by Cynthia Citron
“If women get the vote will they still be home in time to cook dinner?”

This was the sardonic campaign poster promoting a man in Switzerland who was running for office. Not in the 19th century, but near the end of the 20th.

It was a time in Switzerland when men still made all the rules and all the decisions and their wives made all the beds and washed the socks, in quiet servitude and unrelieved oppression.

A new film, submitted by Switzerland for consideration in the Oscar race for Best Foreign Language Film, is now making its Los Angeles debut. It is called “The Divine Order” and it details the battle waged by the women in a small, beautiful village in the middle of nowhere for their emancipation and their right to vote.

A young woman named Nora (played by Swiss actress Marie Leuenberger) lives modestly with her husband Hans (Max Simonischek) and their two young school-age sons. Hans’ unpleasant father lives with them as well, complaining about everything.

Having served as a virtual servant to her family for all the years of her marriage, Nora has grown a bit restless and decides she would like to apply for an available position at a local travel agency. But Hans forbids it.

Shortly thereafter, on an errand in a nearby village she comes upon a table where a woman is offering pamphlets supporting women’s liberation. Seeing that Nora appears to be interested, the woman supplies her with an armful of persuasive literature, including a book by Betty Friedan. All of which Nora reads diligently.

Then, at a public meeting in her own village, she meets an elderly woman named Vroni who is apparently the only supporter of the upcoming national referendum on voting rights for women. All the other women present, and the men, contend that “Women don’t want the right to vote.”

Teaming up with this new friend, Nora begins the massive effort of organizing an “informational event” to discuss the issue, and wisely advertises that free pizza and beer will be provided.

Although everyone comes to the meeting, all the men deride the idea of women seeking equality and the women are too intimidated to speak up.

They have been admonished by the crusty female President of the Anti-Politicization of Women Action Committee that “Equality of the sexes is a crime against nature” and “Women in politics are simply against the Divine Order” and “What they call ’emancipation’ is in reality a curse for us women.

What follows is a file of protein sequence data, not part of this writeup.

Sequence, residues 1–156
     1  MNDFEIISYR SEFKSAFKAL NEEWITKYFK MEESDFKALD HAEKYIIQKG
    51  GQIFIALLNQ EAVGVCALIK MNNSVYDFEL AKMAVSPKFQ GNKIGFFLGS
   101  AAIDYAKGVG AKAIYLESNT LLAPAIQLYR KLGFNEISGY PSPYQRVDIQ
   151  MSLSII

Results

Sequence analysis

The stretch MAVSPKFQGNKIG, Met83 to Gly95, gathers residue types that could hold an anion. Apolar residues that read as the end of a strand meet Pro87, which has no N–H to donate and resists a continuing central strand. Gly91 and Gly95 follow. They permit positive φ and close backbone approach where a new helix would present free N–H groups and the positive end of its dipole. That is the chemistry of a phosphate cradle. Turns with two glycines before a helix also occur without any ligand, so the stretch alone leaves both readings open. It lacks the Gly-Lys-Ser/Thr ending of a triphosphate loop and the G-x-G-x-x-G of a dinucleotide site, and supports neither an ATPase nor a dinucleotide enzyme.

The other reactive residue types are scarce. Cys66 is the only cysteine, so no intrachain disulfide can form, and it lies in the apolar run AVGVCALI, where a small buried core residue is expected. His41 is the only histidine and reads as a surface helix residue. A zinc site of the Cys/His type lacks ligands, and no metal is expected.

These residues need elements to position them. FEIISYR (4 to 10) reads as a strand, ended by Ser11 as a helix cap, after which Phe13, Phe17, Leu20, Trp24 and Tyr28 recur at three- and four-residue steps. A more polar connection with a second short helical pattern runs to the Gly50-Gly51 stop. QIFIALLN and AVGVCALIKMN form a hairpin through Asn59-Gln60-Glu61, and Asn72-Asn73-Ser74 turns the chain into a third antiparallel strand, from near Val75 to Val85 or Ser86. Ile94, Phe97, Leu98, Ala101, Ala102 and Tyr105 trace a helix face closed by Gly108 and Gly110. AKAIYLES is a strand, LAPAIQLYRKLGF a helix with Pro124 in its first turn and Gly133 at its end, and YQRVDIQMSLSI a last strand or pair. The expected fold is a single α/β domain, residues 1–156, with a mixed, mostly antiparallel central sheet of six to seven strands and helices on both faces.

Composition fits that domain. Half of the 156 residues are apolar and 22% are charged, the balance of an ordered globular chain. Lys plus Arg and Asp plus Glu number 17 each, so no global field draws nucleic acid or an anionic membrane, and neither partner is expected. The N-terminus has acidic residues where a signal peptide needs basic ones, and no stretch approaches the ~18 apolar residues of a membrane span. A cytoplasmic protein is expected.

Disheartened, Nora dares the women to call a strike, and she arranges for them to gather in the local restaurant for meals and then not go home to their families, but go upstairs to sleep in the restaurant’s large attic. And she is overwhelmed by the number of women who show up to do that.

In this new venue the women have time to amuse themselves with cards and other games, and also to examine their lives and contemplate changes. So that later, when some of the husbands barge in to drag their wives home, they discover that their women have acquired some strength to change their own attitudes and behavior.

There are a number of subplots which allow the viewer to get to know the women individually, and to rejoice with them when they achieve their goal. But even though the referendum passed in 1971, it took another ten years before Swiss women were actually able to vote.

Ironically, their sister suffragettes in America had been granted the same right some 60 years earlier, in 1920.

This film, “The Divine Order” by Petra Volpe is exquisite, not only for the earnestness of the actors, but also for the snowy beauty of the winter landscape in Switzerland. Beautifully directed and gorgeously shot, this engaging film is a must-see.

It opens tomorrow, Friday, November 17, at Laemmle’s Royal and Playhouse 7 and in many other theaters in Los Angeles shortly thereafter.

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